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1963 Flashback: First Everest Summit by Americans

Cathy Hunter
for National Geographic News
April 15, 2003
 
In 1963, a Swiss climber named Norman Dyhrenfurth began "a little war
against a big mountain." Leading 19 Americans, 32 Sherpas, and 909
porters carrying 27 tons (25 metric tons) of gear, Dyhrenfurth
spearheaded the highly successful 1963 American Mount Everest Expedition
for his adopted country.

With the notable exception of Sir Edmund Hillary's successful summit of Mount Everest in May 1953, the peak had defeated nearly every other challenger. But the 1963 American Mount Everest Expedition, sponsored in part by the National Geographic Society, would prove the exception, placing the first Americans atop the mountain and pioneering a new route to the summit.


Dyhrenfurth had eyed Everest for a long time. The son of two famous mountain climbers, he participated in a failed 1952 Swiss expedition. In 1960, he began organizing another, this one composed of Americans. Dyhrenfurth discovered that mountaineering had not yet caught on in his newly-adopted land and encountered difficulty finding sponsors. But plans to conduct scientific research during the expedition attracted the attention of the National Geographic Society. The Society became the expedition's primary sponsor and awarded scientific grants to glaciologist Maynard Miller and one of their own, staff member Barry Bishop, to study solar radiation.

Bishop was a short, barrel-chested man who had climbed since childhood. He had dreamed of climbing Everest and working for the National Geographic Society. Now he had the opportunity to do both. Lugging heavy camera equipment with his bulky climbing gear, Bishop would take pictures for National Geographic magazine.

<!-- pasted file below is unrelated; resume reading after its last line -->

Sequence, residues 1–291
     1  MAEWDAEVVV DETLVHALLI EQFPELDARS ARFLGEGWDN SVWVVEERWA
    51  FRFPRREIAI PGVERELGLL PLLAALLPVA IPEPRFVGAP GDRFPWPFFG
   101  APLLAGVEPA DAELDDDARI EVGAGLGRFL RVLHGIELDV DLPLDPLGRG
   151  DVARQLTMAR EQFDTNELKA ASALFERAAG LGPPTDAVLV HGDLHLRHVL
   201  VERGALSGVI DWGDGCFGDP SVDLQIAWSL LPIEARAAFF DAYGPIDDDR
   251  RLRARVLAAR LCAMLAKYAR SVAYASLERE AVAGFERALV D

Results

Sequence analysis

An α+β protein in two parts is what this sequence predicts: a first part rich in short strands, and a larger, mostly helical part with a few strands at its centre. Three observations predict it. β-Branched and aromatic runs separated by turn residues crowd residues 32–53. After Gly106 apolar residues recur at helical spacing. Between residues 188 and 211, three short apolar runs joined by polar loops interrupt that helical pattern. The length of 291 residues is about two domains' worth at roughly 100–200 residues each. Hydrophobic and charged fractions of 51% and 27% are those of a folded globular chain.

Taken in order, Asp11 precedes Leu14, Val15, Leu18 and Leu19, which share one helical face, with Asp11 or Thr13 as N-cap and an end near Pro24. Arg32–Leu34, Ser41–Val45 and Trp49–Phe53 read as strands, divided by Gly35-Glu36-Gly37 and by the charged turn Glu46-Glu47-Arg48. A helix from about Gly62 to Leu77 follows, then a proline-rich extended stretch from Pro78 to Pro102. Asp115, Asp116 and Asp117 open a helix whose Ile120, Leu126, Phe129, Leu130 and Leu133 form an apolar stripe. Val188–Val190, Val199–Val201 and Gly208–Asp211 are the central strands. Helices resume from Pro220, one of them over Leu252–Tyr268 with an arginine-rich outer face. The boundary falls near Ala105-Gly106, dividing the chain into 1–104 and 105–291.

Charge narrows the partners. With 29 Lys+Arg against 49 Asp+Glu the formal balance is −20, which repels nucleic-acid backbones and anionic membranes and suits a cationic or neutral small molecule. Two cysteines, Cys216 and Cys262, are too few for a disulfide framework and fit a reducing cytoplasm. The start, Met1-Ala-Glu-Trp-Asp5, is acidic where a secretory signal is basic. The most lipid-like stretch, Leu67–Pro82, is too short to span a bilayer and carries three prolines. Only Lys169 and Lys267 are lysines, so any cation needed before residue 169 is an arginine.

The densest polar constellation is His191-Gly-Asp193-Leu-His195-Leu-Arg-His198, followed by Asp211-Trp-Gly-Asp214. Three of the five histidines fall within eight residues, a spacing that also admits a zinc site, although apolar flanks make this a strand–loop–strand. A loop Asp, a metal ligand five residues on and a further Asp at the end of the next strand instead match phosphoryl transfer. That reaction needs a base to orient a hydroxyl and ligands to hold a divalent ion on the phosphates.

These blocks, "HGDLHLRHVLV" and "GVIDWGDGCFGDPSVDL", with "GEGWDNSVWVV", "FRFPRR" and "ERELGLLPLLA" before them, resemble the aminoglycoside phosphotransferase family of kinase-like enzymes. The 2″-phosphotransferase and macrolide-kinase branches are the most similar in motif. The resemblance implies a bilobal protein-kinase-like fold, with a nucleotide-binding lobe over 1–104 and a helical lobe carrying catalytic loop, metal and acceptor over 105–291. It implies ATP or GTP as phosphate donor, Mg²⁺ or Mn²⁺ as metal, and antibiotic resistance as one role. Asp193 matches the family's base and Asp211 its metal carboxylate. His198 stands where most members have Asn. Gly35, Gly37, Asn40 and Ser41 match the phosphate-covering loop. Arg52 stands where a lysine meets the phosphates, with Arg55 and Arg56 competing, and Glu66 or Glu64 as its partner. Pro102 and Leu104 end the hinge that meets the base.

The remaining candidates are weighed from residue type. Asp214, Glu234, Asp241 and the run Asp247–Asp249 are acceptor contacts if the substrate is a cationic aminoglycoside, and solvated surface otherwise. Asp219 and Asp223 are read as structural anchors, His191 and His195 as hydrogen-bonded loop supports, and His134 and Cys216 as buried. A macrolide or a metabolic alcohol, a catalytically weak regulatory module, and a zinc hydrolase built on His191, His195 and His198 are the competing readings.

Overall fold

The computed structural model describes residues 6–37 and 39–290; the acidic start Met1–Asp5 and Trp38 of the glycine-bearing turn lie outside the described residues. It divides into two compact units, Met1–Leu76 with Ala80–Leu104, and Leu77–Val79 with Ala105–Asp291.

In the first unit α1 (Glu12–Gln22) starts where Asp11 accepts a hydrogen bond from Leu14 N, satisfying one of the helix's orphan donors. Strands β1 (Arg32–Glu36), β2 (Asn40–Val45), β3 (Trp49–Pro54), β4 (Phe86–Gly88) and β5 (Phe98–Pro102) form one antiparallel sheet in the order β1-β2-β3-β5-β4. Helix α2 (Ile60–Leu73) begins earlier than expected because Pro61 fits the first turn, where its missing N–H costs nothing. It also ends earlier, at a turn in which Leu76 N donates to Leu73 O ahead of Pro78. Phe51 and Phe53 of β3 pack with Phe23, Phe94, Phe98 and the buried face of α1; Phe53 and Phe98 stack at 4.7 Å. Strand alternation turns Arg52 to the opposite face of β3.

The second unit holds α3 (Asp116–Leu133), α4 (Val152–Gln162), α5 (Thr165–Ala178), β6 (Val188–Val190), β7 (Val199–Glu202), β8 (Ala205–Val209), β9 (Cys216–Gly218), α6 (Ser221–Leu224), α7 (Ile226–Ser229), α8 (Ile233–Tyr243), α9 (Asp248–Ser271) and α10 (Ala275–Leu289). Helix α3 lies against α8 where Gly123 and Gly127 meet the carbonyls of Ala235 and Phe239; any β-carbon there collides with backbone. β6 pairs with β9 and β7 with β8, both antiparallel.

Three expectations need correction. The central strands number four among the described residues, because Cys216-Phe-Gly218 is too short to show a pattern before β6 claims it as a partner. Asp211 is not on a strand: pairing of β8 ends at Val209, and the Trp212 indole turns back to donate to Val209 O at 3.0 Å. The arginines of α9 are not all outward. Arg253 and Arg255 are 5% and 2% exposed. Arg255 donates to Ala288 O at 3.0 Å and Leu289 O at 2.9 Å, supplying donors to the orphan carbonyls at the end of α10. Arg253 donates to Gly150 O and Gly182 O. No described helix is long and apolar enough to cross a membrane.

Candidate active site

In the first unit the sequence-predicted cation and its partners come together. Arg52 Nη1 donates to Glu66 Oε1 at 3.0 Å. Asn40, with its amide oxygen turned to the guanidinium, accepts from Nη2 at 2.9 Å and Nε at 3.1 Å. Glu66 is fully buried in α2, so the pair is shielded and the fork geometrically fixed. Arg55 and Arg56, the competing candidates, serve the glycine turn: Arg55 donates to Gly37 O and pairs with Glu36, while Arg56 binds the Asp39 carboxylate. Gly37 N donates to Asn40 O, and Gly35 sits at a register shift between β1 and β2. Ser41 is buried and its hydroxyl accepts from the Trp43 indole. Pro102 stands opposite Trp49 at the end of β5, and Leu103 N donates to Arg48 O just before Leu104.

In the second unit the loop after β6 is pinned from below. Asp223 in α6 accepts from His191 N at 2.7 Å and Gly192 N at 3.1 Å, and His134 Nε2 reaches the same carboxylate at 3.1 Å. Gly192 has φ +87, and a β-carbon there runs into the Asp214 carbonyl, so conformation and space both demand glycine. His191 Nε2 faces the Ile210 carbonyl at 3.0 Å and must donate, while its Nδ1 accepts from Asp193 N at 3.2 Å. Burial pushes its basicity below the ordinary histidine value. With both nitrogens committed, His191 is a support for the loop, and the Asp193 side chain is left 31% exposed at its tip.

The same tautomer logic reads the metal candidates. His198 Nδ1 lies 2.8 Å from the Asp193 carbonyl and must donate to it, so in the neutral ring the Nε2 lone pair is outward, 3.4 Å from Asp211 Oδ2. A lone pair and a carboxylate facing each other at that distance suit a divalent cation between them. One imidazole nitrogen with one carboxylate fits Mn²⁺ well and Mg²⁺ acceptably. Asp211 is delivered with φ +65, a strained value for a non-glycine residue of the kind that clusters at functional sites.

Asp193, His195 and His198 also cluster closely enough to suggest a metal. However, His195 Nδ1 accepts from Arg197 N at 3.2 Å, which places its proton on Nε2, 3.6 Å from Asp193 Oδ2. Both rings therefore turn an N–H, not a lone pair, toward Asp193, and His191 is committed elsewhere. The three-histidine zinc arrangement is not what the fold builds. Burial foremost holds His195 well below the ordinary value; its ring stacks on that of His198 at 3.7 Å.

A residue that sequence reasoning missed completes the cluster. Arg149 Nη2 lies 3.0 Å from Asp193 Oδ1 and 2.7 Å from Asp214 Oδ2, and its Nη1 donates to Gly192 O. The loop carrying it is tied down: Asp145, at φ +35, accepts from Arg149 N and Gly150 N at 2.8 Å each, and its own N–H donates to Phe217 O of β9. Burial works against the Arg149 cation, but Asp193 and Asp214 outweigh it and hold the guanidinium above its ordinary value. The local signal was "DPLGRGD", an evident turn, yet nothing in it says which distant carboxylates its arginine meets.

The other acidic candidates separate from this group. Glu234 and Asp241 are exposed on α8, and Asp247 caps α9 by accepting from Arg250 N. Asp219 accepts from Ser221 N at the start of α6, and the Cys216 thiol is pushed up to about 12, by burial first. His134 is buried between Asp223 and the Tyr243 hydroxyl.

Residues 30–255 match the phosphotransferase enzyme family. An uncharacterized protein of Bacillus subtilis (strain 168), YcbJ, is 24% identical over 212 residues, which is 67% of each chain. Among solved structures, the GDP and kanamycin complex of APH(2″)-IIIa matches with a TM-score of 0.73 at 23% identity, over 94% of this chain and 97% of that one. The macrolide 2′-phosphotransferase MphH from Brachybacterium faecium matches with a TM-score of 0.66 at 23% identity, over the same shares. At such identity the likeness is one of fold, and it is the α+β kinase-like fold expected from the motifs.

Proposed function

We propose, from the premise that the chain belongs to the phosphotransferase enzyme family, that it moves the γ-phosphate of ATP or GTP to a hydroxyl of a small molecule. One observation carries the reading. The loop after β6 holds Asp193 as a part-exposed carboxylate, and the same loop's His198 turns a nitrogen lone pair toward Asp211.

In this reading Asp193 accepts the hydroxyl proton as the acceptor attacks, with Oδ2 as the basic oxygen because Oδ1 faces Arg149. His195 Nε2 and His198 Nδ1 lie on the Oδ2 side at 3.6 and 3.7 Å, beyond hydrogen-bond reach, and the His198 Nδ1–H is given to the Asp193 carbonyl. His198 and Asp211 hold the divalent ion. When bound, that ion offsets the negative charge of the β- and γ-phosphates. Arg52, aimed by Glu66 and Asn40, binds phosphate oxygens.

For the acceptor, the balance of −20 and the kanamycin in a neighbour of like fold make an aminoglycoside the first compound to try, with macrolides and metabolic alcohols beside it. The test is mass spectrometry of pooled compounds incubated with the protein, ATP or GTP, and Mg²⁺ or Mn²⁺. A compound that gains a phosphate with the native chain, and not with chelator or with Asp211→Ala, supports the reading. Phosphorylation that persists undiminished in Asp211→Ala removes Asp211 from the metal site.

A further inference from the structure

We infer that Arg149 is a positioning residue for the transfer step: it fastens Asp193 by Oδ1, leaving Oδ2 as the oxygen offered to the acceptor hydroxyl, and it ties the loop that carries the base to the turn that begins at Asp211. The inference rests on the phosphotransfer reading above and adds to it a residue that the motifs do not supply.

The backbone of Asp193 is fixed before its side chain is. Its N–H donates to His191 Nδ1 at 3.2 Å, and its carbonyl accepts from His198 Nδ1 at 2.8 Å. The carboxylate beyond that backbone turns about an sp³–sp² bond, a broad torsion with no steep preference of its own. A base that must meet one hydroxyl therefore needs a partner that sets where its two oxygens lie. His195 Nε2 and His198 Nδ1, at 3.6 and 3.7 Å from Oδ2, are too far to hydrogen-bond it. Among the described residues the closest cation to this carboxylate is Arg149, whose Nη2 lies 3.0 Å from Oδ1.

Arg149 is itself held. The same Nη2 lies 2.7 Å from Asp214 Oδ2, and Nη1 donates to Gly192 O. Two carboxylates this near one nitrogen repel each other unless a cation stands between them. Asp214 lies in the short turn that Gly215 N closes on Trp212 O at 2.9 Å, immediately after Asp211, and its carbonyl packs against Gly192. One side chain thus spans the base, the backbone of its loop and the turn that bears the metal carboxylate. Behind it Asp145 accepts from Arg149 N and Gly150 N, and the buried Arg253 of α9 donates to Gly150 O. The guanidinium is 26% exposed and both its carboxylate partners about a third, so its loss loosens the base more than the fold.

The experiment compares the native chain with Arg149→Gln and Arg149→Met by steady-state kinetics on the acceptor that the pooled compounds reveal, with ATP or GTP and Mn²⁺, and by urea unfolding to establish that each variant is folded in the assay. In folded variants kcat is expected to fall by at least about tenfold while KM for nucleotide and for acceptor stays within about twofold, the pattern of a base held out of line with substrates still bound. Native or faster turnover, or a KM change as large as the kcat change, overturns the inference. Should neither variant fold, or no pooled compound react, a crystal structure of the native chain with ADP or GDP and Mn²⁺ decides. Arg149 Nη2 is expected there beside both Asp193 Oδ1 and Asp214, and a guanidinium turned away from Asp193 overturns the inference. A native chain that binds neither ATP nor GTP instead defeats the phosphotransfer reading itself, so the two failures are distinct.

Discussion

Ace Mountaineers

Dyhrenfurth knew he needed ace mountaineers to fill out the expedition's roster. He got one of the best in "Big Jim" Whittaker, a tall, rugged climber from Seattle, Washington. (Whittaker would later describe himself as "strong as an ox.")

It was Whittaker, together with his Sherpa companion Nawang Gombu, who led the first push for the summit, planting an American flag on the summit on May 1. The success, however, would not mark the expedition's only achievement.

After a few weeks to rest and resupply, four other climbers were ready to tackle the summit. The plan was ambitious. Climbers Willi Unsoeld and Tom Hornbein would ascend via a new West Ridge route they had reconnoitered a few weeks previously. Meanwhile Lute Jerstad and Bishop would follow the South Col route established by Edmund Hillary and Tenzing Norgay during their 1953 climb. Both groups hoped to meet on the summit on May 22 and descend together.

A tent fire sparked by a butane fuel cooking cylinder signaled an ominous start to Bishop and Jerstad's summit push. Events went from bad to worse en route. Winds never dropped below 60 miles per hour (100 kilometers per hour). Bishop described the South Col as "the most desolate, God-forsaken spot on the face of the Earth… On Everest the wind speaks with many voices. It rises, it falls, it thunders. Sometimes it is the remote night cry of a sick child. But it is always the wind."

But seven and a half grueling hours later, the pair stood atop the summit. They planted the National Geographic Society's banner next to Whittaker's fluttering American flag. Jerstad filmed the first motion pictures ever captured on the summit, while Bishop concentrated on still photography. (Bishop had scribbled the list of shots he wanted to capture on his parka in case the altitude clouded his mind.)

Treacherous Descent

With a wind chill factor of roughly minus 85° to minus 90° Fahrenheit (minus 65° to 68° Celsius), both men's hands were freezing. After 45 minutes on the summit with no sign of Unsoeld and Hornbein and their supply of oxygen dwindling, Bishop and Jerstad began their descent. Nightfall caught the pair perilously far from camp.